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A Solid State NMR Investigation into Polymorphism in the Indomethacin Molecule. - Probing Inter-molecular Interactions between Spins


Over the summer (2009) I undertook an 8 week URSS research project investigating polymorphism in the Indomethacin molecule, supervised by Dr Steven Brown and Jonathan Bradley. Funding was provided by the University of Warwick Physics department. At the end of the project I was asked to present my findings to the solid state NMR department as well as produce an academic poster for the URSS student exhibition, which is available here.

What is Polymorphism?

Polymorphism arises when the unit cell of a molecule takes up different shapes, resulting in a different form of the 3D solid. The reasons for this change in shape are numerous and include changes in temperature and pressure as well as the presence of impurities. This environmental change is not drastic enough to alter the intramolecular forces, so the molecule remains the same, but the intermolecular forces are altered, so the way the molecules pack changes resulting in a new unit cell. The figure below should clear up the subject for anyone struggling with the concept.

Imagine the molecule of interest is a specifically shaped tile, the unit cell, a motif and the final solid, a pattern. The tile cannot change shape whereas the motif can. We will see that the choice of motif has a big impact on the final pattern. After selecting a tile (see the yellow shape at the top of the figure), a small number of tiles are positioned to form a motif (the red constructions). Many different motifs can be created but I have chosen two forthis demonstration. Each motif is reproduced and translated in a regular mannerto form a large final pattern. The final patterns (at the bottom of the figure) look nothing like each other, but both are made from the same original tile. The molecule/tile is held together by int ra-molecular forces whereas the unit cell/motif is determined by how these molecules stack together, in other words, the int er-molecular forces between molecules/tiles. It is these int ermolecular forces that are susceptible to change by variables already discussed such as temperature. If different unit cells/motifs exist then different solid forms of the molecule will exist and we call this polymorphism.

Why is polymorphism interesting from an NMR perspective?

As the intramolecular bonding in polymorphs remains the same (i.e. the molecular tile is the same), the difference in NMR sptra between two polymorphs must arise due to intermolecular interactions. By comparing the spectra of various polymorphs, an understanding of the way intermolecular bonding manifests itself in NMR experiments may be gained.

Polymorphism in the Pharmaceutical Industry

The physical and chemical (physicochemical) properties of an Active Pharmaceutical Ingredient (API) are often determined by its intermolecular structure. Different polymorphs of the same solid can have very different physicochemical properties. A good example of an API is Indomethacin which exists in two known polymorphic forms, Gamma and Alpha. The Gamma form of this molecule is the stable solid form, but has a low dissolution rate. The Alpha form, on the other hand, is meta stable, and has a high dissolution rate. It is possible to tailor the physicochemical properties of the API by introducing a benign former into the crystal structure, a process known as co-crystallisation. For Indomethacin, this has been achieved with the sweetener Saccharin to produce a new solid form of the API known as the IND-SAC co-crystal.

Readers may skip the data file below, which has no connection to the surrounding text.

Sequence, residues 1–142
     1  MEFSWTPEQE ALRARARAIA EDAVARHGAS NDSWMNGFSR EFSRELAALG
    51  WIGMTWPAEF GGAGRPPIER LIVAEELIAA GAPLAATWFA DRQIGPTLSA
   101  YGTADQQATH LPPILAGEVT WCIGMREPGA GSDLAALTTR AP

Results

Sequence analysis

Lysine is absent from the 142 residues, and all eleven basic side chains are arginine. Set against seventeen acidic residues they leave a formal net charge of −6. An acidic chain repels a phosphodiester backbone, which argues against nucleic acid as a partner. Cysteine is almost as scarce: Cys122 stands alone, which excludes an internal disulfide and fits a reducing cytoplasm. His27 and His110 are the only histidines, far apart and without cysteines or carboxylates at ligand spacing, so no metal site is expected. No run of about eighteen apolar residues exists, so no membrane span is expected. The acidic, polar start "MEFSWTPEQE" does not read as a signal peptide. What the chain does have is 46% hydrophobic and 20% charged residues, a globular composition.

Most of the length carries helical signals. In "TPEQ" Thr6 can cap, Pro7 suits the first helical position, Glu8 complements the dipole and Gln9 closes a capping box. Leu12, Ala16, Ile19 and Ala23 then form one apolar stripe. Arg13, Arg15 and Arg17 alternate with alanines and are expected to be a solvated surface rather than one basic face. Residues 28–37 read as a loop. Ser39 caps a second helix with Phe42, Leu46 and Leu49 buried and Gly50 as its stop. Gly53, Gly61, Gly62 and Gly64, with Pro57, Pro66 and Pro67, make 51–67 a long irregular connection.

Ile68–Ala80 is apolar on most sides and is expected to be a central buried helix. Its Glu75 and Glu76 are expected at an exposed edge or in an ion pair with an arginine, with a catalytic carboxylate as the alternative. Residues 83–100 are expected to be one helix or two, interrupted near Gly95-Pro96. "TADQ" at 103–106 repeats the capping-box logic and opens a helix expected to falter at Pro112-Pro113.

Aims of the Project

  • The three aforementioned solid forms of the API, Indomethacin (Alpha, Gamma and IND-SAC) have known crystal structures available from the Cambridge crystal database. It is the aim of this investigation to develop NMR structural identification techniques on the Indomethacin forms of known crystal structure, with the aim of applying the techniques to solid forms of unknown structure.

Just to make it clear, the structure of the Indomethacin molecule is known - this is not of interest. What is of interest, is how the molecule packs together and for this we must investigate the intermolecular interactions.

  • It is possible to simulate NMR experiments using computer programs. A comparison of simulated data versus experimental data will be made for each of the Indomethacin solid forms.
  • Finally, we shall look at Carbon-13 peak assignment for each of the solid forms at our disposal.

NMR Techniques

The techniques will be split into catogories depending on the observed chanel species.

  • Hydrogen-1
2D Double Quantum Coherence (DQC) CRAMPS Very useful experiment. Displays information on both inter and intra molecular dipolar coupling between protons.
  • Carbon-13 
CP MAS Cross polarisation MAS. The large gyromagnetic ratio of the Hydrogen nuclei are used to enhance the Carbon-13 signal via cross polarisation.
Refocused INEPT Same as the above, but J coupling mediated. Only Carbons directly bonded to hydrogen nuclei appear in the spectrum, often simplifying it considerably



The results can be viewed either via the links below, or with some background theory in a presentation (PDF Document) (sound to follow)

Hydrogen Experiments   Carbon Experiments



Main Supervisor:

Dr Steven Brown

s dot p dot brown at warwick dot ac dot uk




Jonathan Bradley

jonathan dot bradley at warwick dot ac dot uk


Undergraduate Research Scholarship Scheme